Ferrari has now put its support behind a proposed engine freeze in Formula 1 from 2022 but says it wants the introduction of new power unit regulations to be accelerated.
A cap on engine development had been proposed in recent weeks amid Honda’s decision to leave Formula 1 at the end of the 2021 campaign.
Red Bull, along with sister team AlphaTauri, has outlined acquiring Honda’s Intellectual Property in order to continue running the power units into the 2022 season.
But the company has repeatedly emphasised that it could not countenance matching the other manufacturers in terms of spending on engine development.
Mercedes has backed Red Bull’s stance on a freeze from the outset but fellow manufacturers Ferrari and Renault have both previously bristled at the notion.
However Ferrari has softened its stance while outlining its desire for the new engine regulations, currently scheduled for 2026, to be brought forward to 2025.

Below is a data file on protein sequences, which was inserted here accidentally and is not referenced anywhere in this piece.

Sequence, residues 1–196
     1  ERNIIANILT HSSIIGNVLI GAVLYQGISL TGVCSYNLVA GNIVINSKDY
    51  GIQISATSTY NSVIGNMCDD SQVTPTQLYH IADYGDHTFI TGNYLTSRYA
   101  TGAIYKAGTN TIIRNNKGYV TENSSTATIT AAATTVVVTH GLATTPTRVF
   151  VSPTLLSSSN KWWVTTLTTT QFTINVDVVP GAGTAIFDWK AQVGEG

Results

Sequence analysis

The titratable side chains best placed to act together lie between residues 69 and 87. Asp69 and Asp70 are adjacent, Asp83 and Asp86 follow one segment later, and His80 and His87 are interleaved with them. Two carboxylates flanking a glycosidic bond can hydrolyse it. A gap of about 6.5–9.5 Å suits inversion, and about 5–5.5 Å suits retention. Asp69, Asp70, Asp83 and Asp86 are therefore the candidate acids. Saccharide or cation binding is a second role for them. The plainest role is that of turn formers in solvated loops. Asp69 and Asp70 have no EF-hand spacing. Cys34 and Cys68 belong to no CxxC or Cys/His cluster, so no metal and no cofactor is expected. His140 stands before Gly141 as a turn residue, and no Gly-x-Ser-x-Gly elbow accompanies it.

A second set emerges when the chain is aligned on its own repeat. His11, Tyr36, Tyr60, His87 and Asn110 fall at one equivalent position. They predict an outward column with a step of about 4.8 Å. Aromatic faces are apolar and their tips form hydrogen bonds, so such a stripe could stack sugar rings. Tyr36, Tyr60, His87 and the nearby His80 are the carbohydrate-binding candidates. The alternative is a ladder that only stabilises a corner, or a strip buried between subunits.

“We understand as well their intention to keep using their Honda engines for the future, we had meetings in the last days with Formula 1 and FIA,” said Binotto.
“I think as Ferrari we understand the situation, we are somehow supportive in trying to anticipate by one season, one year, a freezing of the engines, that means as well trying to anticipate to 2025 the new regulations for the power unit.
“So knowing the situation, understanding the situation, it’s not the first time Ferrari is acting in a responsible way in that respect. We will support freezing.”
Binotto emphasised that Formula 1 needs to outline the next engine regulations by mid-2022 while also making it more cost-effective for manufacturers.
“At first I think to have a brand new format of power unit in 2025 we will need by the middle of next year to have clarity on the regulations,” he said.
“I think it will be quite a different power unit to today because I think there are at least from the Ferrari point of view, important objectives that need to be set.
“It has to be more sustainable in terms of the cost point of view, I think the power unit it should cost 50% less of what we are affording today.
“From sustainability, a carbon footprint point of view we need to set our objective which has to be very ambitious.
“I think we need to be very at first proactive but also collaborative between manufacturers, F1, and FIA, to progress very soon on the regulations as it will define the F1 from 2025 eventually to 2030.”